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This vegetarian carbonara is quick and delicious; an egg yolk is stirred into the pasta to create a sauce, and smoked mozarella is used instead of bacon.

Vegetarian Carbonara
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This post was created in partnership with Earthbound Farm Organic; all opinions are our own.

Spring has officially sprung (hallelujah!), and we’ve got the fever. Tulips are popping up in our front yard, and we’re feeling all spring pea and baby spinach and Earth day-like. Do you feel it? (Perhaps not if you’re in the Southern hemisphere, or Minnesota, or reading this any month other than April.) In honor of the warmer weather and general feeling of valuing Mother Earth this month, we’ve got this vegetarian carbonara and seven earth-saving kitchen tips to start out April.

Related:14 Egg Recipes for Dinner

Vegetarian Carbonara
Stirring egg yolk

How to make vegetarian carbonara

Now, what is carbonara exactly? Pasta carbonara is an Italian invention (Roman to be exact): it’s an incredibly savory pasta recipe made using long pasta noodles, egg, Pecorino or Parmesan cheese, and either bacon or guanicale. The raw egg is mixed into the warm pasta and used to make a creamy, delicious yellow sauce. Since Alex and I eat most vegetarian, we wanted to create a vegetarian carbonara recipe! This version is a spring take with some springtime vegetables added in.

To mimic the smoky taste of bacon, this vegetarian carbonara recipe uses smoked mozzarella instead! It’s also mixed with spring vegetables: green peas and a bit of sauteed spinach, to add some extra nutrients and texture. The combination of the cheeses plus the creamy, complex flavor of the egg yolk stirred in as an instant sauce makes the pasta taste both springy and light and supremely satisfying.

Vegetarian Carbonara

7 Earth-saving kitchen tips

Along with this vegetarian carbonara recipe, we wanted to offer up some Earth-saving tips for the ktichen to go along with Earth Day. Our planet is one amazing place to live, and in order to make sure it’s taken care of for our children and children’s children, we’ve got to care for it properly. Let’s love our Earth well! Though doing so is an exceedingly complex task and much more than one of us can do alone, taking small, concrete steps can actually gradually start to make positive impact on the Earth. Here are a few tips related to cooking and using your kitchen that can help in starting to save the planet:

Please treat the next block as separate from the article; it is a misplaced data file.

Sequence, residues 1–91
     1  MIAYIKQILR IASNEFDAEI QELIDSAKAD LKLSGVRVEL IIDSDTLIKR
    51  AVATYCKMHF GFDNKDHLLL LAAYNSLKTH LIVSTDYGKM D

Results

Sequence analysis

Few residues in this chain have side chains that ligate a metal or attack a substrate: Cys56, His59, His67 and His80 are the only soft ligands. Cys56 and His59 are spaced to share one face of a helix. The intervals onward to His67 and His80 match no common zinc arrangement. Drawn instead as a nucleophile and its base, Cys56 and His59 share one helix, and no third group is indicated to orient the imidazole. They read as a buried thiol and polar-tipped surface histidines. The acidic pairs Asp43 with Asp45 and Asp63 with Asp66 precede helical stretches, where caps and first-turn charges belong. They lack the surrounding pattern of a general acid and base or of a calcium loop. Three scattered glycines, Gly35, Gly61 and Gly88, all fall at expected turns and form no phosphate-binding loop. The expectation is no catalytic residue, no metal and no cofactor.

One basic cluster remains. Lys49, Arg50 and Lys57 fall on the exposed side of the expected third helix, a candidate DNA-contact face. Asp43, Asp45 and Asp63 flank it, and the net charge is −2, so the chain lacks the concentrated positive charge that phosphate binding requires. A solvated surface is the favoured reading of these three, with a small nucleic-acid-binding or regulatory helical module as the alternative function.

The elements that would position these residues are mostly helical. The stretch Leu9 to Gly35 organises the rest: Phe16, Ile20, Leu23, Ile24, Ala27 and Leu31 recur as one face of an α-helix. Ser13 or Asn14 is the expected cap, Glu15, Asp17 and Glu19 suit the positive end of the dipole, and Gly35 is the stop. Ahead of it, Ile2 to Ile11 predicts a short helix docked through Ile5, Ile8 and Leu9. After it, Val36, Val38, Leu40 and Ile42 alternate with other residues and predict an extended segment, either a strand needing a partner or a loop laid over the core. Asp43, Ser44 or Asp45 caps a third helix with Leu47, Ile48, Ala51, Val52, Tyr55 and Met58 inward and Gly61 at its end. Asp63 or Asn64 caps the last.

1. Buy organic. Fruits and veggies labeled as organic are grown without using pesticides or fertilizers with synthetic ingredients and without irradiation, the seeds and transplants are chemical-free, and the fertilizer is natural. Organic practices foster cycling of resources, ecological balance, and biodiversity. Basically, this equals a happy planet. (And happy bodies too.) In this vegetarian carbonara, we used organic spinach and peas.
  2. Don’t overbuy. Americans waste 30 to 40% of the food we buy. Planning meals carefully and only buying what you need reduces waste (and saves money!).
  3. Compost. Composting lets your kitchen scraps to be transformed into nutritious soil rather than rotting in landfills and releasing excess methane (gross). Turning your trash into food for your flowers and herbs is pretty darn fun; in fact, Alex is obsessed. If you’re interested in getting started, see Composting 101.
  4. Carry reusable kitchen bags. Reusable kitchen bags cut down on disposable waste. As popular as they have become, plastic and paper are still fairly prevalent at the groceries we frequent. I keep two of these bags in my purse at all times!
  5. Use rags instead of paper towels. Our friend Ashley did some research and inspired us to use cloth rags multiple times instead of paper towels, which is environmentally friendly in the long run. We just bought a bunch of these cleaning rags and are enjoying them.